Motorola Droid Turbo guide leaks, reveals specs like monster 21MP camera

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It’s not often that we find ourselves really excited about new Droid models – the combination of Verizon exclusivity and existence of other compelling Motorola phones (like the new Moto X and G) without such carrier restrictions has cost the Droid name some of its acclaim in recent years. But this year we’ve been following rumors of a Droid Turbo that, while they started off without much of a bang, have been snowballing into a more and more interesting story. We’ve been looking forward to a possible launch sometime this month, and today a new leak arrives to shed maybe more light than ever before on the Droid Turbo, as the phone’s Verizon user guide leaks.

As a user guide, rather than a spec sheet or press release, we don’t get an exhaustive list of the hardware’s capabilities, but the details that are present here have very much managed to catch out attention. Chief among those is the phone’s main camera, revealed to rock a quite high-res 21MP sensor. And just like we saw on leaked pics from last month, that Moto X-style dual LED flash is indeed present.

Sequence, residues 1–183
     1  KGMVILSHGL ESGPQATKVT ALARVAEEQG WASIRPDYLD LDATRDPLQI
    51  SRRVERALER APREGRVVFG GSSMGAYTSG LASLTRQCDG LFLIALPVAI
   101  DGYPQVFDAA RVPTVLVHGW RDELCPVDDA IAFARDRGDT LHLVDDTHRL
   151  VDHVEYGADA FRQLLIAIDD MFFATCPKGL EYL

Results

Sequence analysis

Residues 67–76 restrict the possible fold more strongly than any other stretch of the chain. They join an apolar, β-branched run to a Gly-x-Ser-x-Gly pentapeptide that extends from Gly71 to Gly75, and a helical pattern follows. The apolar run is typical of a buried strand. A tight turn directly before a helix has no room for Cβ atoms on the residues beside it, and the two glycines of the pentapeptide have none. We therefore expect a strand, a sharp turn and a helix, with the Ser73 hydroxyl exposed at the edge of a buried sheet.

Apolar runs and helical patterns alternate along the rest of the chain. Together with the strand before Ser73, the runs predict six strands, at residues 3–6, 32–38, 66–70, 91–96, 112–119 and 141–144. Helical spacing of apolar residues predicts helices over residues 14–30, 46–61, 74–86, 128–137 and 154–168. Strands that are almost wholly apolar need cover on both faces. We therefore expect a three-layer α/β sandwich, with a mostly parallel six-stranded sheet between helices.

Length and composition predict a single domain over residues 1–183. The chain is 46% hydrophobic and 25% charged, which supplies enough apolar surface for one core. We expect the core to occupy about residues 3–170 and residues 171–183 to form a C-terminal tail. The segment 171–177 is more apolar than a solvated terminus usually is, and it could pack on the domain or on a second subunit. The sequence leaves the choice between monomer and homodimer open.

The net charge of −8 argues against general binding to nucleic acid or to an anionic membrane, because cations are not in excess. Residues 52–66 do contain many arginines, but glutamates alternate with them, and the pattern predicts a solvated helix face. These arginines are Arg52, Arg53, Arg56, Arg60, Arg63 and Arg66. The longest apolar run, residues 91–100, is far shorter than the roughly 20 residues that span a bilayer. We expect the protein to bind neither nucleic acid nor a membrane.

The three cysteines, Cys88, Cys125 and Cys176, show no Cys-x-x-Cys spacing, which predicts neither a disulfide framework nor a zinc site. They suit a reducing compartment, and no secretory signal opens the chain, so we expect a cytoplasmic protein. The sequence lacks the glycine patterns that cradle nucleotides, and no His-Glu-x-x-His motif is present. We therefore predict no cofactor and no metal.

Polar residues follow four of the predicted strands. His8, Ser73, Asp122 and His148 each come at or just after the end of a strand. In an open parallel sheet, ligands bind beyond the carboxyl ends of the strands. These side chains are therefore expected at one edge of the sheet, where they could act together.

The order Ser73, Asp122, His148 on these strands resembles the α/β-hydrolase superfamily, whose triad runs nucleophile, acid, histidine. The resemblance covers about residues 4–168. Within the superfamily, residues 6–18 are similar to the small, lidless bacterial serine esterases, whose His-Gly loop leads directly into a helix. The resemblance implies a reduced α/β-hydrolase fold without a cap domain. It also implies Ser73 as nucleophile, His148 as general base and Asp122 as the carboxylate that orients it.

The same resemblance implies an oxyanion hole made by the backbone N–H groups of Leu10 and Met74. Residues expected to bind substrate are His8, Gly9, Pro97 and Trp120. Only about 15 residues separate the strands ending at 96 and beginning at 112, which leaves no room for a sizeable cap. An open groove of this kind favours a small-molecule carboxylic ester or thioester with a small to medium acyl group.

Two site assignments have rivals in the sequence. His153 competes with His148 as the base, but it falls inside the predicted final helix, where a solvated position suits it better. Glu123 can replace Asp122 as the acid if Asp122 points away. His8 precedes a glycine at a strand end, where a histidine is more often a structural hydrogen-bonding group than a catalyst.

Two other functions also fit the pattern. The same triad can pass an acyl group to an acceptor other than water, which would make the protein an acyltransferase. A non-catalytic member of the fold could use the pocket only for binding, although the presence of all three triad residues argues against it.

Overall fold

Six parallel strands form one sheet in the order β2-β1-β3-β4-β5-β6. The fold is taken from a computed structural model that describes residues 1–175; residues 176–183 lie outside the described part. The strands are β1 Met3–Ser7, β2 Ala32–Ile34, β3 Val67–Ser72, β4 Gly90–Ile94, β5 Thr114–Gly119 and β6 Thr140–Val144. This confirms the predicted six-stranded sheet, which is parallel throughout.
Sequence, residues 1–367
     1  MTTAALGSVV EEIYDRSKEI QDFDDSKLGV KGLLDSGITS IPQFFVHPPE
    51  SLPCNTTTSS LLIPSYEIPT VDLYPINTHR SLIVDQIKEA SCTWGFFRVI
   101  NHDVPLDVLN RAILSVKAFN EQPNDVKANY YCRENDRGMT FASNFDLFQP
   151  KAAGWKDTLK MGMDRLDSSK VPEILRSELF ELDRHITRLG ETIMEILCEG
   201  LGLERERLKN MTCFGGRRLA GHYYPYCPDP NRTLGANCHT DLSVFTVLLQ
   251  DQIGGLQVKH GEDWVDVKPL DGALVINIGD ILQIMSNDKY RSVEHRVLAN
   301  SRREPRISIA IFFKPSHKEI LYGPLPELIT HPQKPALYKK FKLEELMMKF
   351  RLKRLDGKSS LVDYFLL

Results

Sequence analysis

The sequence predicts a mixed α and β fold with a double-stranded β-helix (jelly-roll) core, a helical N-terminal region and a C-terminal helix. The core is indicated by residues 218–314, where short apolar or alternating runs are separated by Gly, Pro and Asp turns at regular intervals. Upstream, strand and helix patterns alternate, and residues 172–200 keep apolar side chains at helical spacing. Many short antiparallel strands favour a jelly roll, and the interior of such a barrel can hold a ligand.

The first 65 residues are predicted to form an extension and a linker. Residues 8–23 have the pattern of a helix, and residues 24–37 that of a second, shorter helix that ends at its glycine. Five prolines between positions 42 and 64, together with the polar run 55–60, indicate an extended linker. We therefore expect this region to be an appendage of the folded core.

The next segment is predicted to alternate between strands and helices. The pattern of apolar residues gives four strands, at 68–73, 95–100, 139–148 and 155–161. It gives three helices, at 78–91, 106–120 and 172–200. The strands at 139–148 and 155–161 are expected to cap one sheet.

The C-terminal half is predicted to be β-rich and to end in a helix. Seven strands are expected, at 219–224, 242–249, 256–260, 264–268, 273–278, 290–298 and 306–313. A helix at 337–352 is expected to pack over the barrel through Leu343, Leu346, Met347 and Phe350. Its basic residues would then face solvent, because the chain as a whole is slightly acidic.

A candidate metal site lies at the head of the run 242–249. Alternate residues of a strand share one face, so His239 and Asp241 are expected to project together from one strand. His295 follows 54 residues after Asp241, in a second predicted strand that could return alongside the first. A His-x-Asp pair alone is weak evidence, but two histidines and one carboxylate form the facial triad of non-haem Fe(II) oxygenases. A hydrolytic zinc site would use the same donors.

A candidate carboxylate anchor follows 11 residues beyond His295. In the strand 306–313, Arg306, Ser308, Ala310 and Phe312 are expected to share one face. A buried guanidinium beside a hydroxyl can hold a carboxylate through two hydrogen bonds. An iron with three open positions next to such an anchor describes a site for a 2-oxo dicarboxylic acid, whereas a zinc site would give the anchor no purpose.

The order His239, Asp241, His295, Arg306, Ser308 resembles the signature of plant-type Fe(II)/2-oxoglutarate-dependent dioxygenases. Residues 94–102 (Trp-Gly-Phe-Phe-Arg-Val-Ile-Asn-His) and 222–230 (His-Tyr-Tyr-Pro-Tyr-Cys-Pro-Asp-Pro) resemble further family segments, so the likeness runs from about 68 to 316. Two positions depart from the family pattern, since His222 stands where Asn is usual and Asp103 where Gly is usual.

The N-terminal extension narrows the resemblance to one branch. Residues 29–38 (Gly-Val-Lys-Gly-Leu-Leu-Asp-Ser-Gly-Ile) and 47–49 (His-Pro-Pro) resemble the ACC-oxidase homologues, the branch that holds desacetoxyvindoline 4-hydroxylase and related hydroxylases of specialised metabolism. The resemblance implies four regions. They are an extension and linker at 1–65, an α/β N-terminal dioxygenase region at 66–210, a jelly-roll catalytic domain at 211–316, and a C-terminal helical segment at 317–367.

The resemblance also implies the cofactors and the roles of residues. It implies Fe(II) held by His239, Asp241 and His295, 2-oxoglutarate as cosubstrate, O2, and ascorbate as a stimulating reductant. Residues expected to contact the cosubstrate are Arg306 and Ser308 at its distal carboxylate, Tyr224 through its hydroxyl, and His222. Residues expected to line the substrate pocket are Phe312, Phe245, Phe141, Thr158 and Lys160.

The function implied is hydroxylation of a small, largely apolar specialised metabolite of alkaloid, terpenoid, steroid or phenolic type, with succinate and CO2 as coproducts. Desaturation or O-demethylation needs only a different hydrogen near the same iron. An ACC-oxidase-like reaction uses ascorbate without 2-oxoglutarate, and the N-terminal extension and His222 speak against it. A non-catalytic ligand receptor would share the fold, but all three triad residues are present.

Other features we see confirmed are wireless Qi charging, apparently baked right in, and support for all the Moto Voice/Assist/Display/Actions we know from the company’s other Androids.

A specific launch date continues to remain a mystery (and the DroidLanding Twitter account has been unhelpfully silent for over a month at this point), but this one really feels like it’s ready to go live nearly any day now. The document includes screen shots referring to October 12, but with that date falling on a Sunday, we’re not sure if it’s a viable launch candidate.

Source: MotoFirmware
Via: Android Police

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About The Author
Stephen Schenck

Stephen has been writing about electronics since 2008, which only serves to frustrate him that he waited so long to combine his love of gadgets and his degree in writing. In his spare time, he collects console and arcade game hardware, is a motorcycle enthusiast, and enjoys trapping blue crabs. Stephen’s first mobile device was a 624 MHz Dell Axim X30, which he’s convinced is still a viable platform. Stephen longs for a market where phones are sold independently of service, and bandwidth is cheap and plentiful; he’s not holding his breath. In the meantime, he devours smartphone news and tries to sort out the juicy bits

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